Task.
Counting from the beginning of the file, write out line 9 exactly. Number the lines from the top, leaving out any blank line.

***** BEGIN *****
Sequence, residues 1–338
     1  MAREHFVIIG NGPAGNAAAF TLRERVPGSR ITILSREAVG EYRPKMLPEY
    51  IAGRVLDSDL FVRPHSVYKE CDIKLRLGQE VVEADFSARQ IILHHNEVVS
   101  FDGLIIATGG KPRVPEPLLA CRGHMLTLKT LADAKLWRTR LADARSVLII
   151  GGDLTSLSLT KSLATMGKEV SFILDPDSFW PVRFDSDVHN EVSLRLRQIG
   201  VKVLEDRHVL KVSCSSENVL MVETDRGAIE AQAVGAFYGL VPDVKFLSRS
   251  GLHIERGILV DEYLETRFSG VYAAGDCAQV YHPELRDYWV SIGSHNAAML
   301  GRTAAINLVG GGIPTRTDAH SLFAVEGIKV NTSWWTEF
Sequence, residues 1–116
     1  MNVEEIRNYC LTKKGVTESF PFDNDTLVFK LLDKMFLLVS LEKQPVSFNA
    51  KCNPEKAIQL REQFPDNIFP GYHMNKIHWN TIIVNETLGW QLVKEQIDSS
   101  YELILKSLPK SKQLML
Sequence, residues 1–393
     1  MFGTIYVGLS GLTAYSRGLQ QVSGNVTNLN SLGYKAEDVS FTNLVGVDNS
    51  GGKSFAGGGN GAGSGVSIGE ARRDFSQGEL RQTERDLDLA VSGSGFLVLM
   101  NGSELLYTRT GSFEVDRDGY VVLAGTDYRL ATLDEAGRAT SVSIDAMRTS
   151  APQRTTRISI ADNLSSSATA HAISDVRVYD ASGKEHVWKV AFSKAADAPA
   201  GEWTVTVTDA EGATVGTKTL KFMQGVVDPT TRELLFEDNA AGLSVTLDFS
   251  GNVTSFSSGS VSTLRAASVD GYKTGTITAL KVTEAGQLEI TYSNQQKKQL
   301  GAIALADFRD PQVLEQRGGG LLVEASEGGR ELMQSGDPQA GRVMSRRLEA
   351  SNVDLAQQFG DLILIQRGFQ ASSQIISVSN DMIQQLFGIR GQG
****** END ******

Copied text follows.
Sequence, residues 1–116